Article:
BPD episodes are hard to live with when you have the condition. Teens with BPD do not have it easy. Parenting a teen with BPD can be complicated too. BPD episodes can be difficult to manage as a parent of a borderline teenager. I know firsthand because I am in remission from borderline personality disorder after over a decade of mental health treatment. I also have a teen who has many BPD traits (but is still too young to be formally diagnosed), which makes sense because BPD runs in our family.
The following post lays out what I would have wanted done for me, as a teen with BPD, and is what I keep in mind for my son whenever he’s in an intense emotional state of his own. It takes time and patience to get the hang of and things will never be 100%, but these steps work for us. On top of de-escalating intense emotions, they strengthen our relationship and build up my son’s mental wellbeing too.
All You Need to Know About a ‘BPD Favorite Person’
People with Borderline Personality Disorder (BPD) often struggle to form and maintain meaningful relationships. In many cases, they may develop an intense attachment to one person in particular, known as a favorite person (or FP). This is a complex relationship that can be incredibly rewarding and yet full of difficulty for both the BPD individual and their favorite person.
In this blog post, we will explore what it means to have a favorite person relationship for those living with BPD and their loved ones. We’ll look at signs of splitting on a favorite person, how to manage challenging behaviors in these relationships, and tips for developing healthier coping strategies when dealing with difficult emotions connected to your favorite person as well as tips for the person with BPD’s loved ones. By understanding the unique dynamics of favorite person relationships, you can work together towards creating a more secure connection built on trust and respect.
Trigger Warning: interpersonal conflict, bpd episode, patient notes from therapist
Memoirs about BPD: Kelly South’s Story
Living with BPD, or borderline personality disorder, can be a difficult journey—but remission is possible. You can learn to manage BPD symptoms with the right tools, support system, perseverance and patience for both yourself and the recovery process. This post is proof that there’s hope. Today, we’ll hear from Kelly South who has just recently published a memoir about BPD called Pay Attention to Me: A fairly accurate story.
Kelly has been through the process of treating BPD (she’s currently in remission!) and understands first-hand how challenging it can be. In this Q+A, she shares advice for those in the beginning stages of BPD treatment as well as what she’s learned about herself throughout her journey. And of course, we’ll hear about her new book PLUS you’ll get to read an excerpt at the end!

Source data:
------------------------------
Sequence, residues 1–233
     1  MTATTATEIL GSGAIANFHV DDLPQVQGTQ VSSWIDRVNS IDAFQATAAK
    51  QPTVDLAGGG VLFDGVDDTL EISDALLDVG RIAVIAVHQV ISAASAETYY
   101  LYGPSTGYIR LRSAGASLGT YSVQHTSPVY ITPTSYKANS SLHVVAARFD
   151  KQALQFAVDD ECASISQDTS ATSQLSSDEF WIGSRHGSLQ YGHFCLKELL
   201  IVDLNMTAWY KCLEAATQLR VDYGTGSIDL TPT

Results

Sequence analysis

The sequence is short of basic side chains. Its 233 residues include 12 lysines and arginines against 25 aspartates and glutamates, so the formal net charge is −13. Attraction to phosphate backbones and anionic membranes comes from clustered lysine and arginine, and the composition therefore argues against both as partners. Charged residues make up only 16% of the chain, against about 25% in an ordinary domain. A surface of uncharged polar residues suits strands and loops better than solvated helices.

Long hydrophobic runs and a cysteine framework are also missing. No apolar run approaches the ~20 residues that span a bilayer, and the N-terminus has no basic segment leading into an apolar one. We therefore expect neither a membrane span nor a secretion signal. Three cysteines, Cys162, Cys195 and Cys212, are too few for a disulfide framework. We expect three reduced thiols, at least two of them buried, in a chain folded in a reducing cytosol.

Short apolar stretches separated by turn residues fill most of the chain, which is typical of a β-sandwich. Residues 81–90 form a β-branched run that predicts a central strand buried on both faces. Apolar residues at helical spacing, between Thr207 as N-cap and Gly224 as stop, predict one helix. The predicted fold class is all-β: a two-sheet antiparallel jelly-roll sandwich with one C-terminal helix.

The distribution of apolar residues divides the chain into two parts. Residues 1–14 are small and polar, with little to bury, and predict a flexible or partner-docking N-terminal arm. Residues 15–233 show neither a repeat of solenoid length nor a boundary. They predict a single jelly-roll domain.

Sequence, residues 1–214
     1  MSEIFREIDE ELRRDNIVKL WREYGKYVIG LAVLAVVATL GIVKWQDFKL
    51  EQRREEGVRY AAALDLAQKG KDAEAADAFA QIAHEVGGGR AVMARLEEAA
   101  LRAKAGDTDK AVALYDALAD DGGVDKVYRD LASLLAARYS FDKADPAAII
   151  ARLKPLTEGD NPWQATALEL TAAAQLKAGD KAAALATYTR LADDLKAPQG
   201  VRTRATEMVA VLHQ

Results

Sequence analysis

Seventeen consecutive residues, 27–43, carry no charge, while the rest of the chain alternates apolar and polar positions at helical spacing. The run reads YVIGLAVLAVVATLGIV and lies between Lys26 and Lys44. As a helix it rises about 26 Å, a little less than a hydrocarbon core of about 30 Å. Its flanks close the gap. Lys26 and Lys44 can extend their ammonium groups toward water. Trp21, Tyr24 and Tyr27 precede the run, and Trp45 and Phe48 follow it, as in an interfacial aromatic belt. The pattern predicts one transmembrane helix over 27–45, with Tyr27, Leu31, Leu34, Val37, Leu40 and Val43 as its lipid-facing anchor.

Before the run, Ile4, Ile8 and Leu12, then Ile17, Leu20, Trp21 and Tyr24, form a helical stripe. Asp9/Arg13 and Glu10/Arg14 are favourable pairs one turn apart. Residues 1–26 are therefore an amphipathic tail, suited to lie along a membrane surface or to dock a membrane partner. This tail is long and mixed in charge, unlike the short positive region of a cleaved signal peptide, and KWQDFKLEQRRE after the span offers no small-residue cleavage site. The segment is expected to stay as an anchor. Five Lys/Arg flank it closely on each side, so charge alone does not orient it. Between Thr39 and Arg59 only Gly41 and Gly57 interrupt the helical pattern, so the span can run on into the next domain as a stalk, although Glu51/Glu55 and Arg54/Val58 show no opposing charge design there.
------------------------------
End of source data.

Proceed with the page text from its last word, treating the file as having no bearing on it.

(BTW — if you’re looking for books about BPD, consider getting a copy of Pay Attention to Me: A fairly accurate story on Amazon. It’s a great read and you won’t regret it!)
Before we dive in, here’s a quick summary.
In this video, I read my first ever blog post from 2019 detailing what a BPD episode looked like for me at the start of my BPD recovery journey. I also provide a present day (in 2023) reaction – times have surely changed.
Read the text version of my BPD episode here.
Here are over 70 best jobs for people with BPD who don’t know what to do for work. Please note: a lot of people with BPD are capable of doing any job they want, and some people with BPD have an easier time managing a job than others. This video is for those with BPD who are having a hard time find fulfilling work, don’t feel sure of themselves or are struggling to find a good career that fits their own unique experience. BPD and work can be a difficult mix but you are capable.
Read the text version of this post and more about my own experience with BPD and work here.
Build a Care Package for Someone with Depression
I’m Audrey Harper — the woman behind BPD Beautiful, a BPD recovery blog that aims to spread BPD awareness and assist others in understanding those living with BPD. This post features product ideas for a DIY depression care package for either your loved one with depression, a charity serving a depressed community or even for yourself.
Since BPD Beautiful is a BPD recovery blog, of course I have to mention the correlation between depression and borderline personality disorder at least once in this post. Here are some statistics originally found on verywellmind.
BPD and depression commonly occur together. One study found that about 96% of patients with BPD met criteria for a mood disorder. In this study, about 83% of patients with BPD also met criteria for major depressive disorder, and about 39% of patients with BPD also met criteria for dysthymic disorder.
In this video, I share a story of a borderline and narcissist relationship (undiagnosed) in hopes to shed some light on what it could potentially look like. A BPD and narcissist couple is usually wrought with instability, volatility and abusiveness. Even so, a borderline and narcissist relationship can look different for everyone. This is just one measly experience based on my own life, and should not be taken as something set in stone. Your experience may look vastly different.
Read the text version of this post and another example of a borderline and narcissist relationship here.